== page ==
Nearly two decades ago, U.S. neoconservatives put Syria on their “regime change” list and have maintained that goal to the present day, placing it ahead of even blocking the spread of Al-Qaeda-affiliated terrorism. That chaos has now drawn in Turkey as it advances its own geopolitical agenda, as ex-CIA analyst Paul R. Pillar explains.
Exclusive: The dirty secret about the Obama administration’s “regime change” strategy in Syria is that it amounts to a de facto alliance with Al Qaeda’s Nusra Front which is driving toward a possible victory with direct and indirect aid from Saudi Arabia, Turkey and Israel, as Daniel Lazare explains.
The Obama administration is joining with Turkey in airstrikes against Islamic State targets in northern Syria – a shift from President Erdogan’s past tolerance and even support for Islamic terrorists inside Syria – but a more complex geopolitical game is afoot, writes ex-CIA official Graham E. Fuller.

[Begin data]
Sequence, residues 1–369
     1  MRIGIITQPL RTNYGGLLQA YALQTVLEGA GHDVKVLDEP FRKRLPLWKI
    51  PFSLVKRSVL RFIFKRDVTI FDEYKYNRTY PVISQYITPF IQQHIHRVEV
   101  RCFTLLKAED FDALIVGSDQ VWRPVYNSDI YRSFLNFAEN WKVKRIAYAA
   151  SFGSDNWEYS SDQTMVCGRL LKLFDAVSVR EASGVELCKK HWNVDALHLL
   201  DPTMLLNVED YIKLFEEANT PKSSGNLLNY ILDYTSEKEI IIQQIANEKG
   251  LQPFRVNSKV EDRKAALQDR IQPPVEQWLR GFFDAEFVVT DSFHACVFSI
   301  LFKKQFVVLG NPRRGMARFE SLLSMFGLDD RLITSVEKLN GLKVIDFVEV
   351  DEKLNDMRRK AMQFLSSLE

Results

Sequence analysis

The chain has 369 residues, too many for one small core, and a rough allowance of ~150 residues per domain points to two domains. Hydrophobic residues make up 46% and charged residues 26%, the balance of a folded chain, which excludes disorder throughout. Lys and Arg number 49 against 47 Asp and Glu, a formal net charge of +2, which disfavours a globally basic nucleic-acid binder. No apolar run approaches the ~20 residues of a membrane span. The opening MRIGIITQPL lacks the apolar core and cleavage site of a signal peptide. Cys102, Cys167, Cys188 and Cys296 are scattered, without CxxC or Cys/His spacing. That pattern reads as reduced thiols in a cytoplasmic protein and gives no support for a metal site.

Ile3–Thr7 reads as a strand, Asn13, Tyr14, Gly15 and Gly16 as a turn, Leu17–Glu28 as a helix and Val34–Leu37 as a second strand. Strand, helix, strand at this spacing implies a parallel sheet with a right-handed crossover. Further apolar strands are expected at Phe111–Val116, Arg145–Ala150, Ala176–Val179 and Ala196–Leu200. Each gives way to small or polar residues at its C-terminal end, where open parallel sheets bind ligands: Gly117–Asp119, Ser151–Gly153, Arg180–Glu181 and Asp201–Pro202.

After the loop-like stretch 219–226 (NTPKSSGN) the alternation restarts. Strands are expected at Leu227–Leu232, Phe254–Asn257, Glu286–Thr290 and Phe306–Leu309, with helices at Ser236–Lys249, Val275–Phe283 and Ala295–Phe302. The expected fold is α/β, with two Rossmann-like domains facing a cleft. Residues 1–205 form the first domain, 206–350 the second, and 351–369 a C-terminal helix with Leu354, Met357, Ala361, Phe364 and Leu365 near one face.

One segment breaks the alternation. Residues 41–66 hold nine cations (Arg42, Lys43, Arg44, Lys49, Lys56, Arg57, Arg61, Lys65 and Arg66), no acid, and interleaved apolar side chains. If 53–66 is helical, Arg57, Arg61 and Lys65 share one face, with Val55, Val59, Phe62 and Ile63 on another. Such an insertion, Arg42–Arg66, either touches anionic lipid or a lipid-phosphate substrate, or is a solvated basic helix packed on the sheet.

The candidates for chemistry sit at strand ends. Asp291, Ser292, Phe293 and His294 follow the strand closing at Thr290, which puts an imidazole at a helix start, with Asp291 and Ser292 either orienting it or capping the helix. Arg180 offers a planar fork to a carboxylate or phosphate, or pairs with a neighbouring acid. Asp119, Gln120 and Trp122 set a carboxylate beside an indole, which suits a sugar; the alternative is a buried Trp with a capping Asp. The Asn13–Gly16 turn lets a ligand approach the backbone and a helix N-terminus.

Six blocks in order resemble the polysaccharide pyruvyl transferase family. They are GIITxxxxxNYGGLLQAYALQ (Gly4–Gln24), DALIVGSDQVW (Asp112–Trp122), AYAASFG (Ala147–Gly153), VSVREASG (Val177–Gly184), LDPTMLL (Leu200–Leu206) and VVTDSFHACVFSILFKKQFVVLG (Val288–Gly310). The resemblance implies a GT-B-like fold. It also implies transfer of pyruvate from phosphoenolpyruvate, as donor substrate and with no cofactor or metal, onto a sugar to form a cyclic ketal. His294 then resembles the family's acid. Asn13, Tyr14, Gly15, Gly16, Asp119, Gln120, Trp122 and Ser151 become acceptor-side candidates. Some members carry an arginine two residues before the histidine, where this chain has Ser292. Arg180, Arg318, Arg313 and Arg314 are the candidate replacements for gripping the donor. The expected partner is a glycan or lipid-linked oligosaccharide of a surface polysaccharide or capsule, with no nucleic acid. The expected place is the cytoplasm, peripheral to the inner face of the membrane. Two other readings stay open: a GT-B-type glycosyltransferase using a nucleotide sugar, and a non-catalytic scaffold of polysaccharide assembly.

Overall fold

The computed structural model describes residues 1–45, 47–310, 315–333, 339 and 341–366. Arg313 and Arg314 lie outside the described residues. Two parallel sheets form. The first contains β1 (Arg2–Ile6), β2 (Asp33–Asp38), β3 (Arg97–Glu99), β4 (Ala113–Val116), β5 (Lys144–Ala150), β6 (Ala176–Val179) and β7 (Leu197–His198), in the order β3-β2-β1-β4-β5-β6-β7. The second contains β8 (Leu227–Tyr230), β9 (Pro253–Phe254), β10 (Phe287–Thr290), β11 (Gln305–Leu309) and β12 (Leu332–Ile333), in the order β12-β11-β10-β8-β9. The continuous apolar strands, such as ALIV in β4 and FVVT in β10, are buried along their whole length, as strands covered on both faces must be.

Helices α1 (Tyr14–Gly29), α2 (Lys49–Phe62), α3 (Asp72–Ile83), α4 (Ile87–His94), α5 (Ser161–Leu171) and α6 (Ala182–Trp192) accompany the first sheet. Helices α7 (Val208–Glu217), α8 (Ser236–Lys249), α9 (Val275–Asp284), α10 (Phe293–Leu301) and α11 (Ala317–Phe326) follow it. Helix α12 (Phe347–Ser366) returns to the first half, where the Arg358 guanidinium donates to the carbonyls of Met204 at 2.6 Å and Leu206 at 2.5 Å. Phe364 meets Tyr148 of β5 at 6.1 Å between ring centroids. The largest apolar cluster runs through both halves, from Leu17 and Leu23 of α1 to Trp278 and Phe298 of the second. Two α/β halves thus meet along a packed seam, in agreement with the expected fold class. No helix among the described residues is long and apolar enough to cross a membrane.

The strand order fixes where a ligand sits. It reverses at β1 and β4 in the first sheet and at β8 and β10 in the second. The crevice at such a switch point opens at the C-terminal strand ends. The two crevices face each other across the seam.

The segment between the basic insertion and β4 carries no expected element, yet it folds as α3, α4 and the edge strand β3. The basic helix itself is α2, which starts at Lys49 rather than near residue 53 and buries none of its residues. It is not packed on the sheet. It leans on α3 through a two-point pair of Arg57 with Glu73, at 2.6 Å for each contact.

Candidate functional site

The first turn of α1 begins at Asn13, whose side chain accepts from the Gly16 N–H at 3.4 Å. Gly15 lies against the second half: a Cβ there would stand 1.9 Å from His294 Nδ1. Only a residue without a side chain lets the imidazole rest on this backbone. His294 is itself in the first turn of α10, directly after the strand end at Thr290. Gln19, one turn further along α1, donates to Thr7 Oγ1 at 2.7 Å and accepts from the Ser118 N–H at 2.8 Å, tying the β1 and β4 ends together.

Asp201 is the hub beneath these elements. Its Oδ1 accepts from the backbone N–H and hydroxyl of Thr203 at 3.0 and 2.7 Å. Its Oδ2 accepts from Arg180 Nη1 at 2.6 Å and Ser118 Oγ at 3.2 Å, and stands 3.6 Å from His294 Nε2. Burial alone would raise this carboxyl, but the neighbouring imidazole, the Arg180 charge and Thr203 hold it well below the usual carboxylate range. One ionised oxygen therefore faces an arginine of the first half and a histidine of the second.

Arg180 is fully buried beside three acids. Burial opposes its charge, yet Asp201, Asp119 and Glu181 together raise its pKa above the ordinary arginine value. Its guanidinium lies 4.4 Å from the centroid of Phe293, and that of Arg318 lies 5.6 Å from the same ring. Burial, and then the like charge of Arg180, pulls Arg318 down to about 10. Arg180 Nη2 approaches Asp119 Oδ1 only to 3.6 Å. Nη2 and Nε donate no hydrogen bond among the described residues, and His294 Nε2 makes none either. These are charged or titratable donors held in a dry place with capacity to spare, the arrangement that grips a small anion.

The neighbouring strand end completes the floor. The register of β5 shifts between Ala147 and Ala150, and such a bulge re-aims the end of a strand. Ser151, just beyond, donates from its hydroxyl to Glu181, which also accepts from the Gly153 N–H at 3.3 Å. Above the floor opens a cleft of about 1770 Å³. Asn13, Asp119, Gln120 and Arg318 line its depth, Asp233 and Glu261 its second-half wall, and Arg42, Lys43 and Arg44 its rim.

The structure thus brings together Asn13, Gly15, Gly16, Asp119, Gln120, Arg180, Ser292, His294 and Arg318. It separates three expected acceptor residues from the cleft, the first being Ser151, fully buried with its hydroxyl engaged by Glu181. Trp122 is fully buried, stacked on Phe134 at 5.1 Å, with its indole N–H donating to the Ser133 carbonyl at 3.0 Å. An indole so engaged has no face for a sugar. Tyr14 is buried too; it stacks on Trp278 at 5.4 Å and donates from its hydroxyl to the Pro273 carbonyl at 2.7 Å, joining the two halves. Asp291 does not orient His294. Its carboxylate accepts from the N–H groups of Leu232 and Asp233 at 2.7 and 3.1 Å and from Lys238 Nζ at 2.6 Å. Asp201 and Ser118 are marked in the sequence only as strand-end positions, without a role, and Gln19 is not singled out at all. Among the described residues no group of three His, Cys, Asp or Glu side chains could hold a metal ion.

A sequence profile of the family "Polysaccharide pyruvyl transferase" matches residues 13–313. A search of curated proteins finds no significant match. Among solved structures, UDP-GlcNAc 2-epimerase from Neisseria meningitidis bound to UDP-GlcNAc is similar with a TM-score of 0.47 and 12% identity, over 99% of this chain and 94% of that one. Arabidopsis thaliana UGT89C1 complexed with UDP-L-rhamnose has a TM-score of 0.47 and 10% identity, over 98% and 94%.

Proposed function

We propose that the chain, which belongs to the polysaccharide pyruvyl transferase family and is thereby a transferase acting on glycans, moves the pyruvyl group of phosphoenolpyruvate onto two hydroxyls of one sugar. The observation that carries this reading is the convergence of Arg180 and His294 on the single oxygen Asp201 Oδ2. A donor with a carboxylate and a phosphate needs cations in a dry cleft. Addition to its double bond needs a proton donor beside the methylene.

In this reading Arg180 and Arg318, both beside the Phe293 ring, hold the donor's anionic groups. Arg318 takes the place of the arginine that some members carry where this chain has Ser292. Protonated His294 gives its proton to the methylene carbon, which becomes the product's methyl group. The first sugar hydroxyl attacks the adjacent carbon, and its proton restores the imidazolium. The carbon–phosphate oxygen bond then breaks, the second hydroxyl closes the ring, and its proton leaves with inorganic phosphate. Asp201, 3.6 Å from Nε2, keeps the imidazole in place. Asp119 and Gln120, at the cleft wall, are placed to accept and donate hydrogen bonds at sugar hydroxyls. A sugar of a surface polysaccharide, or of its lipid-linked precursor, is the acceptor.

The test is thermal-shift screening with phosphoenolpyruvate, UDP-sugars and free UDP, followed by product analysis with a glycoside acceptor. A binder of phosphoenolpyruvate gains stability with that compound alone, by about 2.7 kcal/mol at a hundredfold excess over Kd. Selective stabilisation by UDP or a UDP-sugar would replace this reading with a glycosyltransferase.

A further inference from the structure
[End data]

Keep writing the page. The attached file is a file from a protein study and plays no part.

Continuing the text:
The international agreement to ensure that Iran’s nuclear energy program stays peaceful is not just a victory for non-proliferation but part of a more realistic realignment of U.S. policy toward the Mideast, finally recognizing the bloody futility of “full-spectrum dominance,” writes ex-CIA official Graham E. Fuller.
From the Archive: Turkey’s history of “deep state” intelligence may have resurfaced in 2013, according to journalist Seymour Hersh, as Turkish-backed, Al-Qaeda-affiliated terrorists learned to make sarin and may have used it in Syria to trick the U.S. into joining that civil war, as Robert Parry reported in 2014.
From the Archive: Turkey, as a NATO country near Russia’s border, developed a powerful “deep state” where intelligence operatives, terrorists and gangsters crossed paths and shared political alliances, a grim reality that author Martin A. Lee explored in 1997 and a dark legacy that reaches to the present.
In Syria, the war to overthrow the secular government in Damascus has attracted Islamic militants from around the world, but they have relied on funding and support from Saudi Arabia, Qatar and – perhaps most importantly – Turkey, where an election reflected growing popular resistance to this war policy, writes Rick Sterling.